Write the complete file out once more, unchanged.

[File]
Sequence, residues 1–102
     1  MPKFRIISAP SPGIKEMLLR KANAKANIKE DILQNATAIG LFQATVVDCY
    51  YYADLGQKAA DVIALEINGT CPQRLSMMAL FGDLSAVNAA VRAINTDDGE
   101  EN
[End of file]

Sequence, residues 1–102
     1  MPKFRIISAP SPGIKEMLLR KANAKANIKE DILQNATAIG LFQATVVDCY
    51  YYADLGQKAA DVIALEINGT CPQRLSMMAL FGDLSAVNAA VRAINTDDGE
   101  EN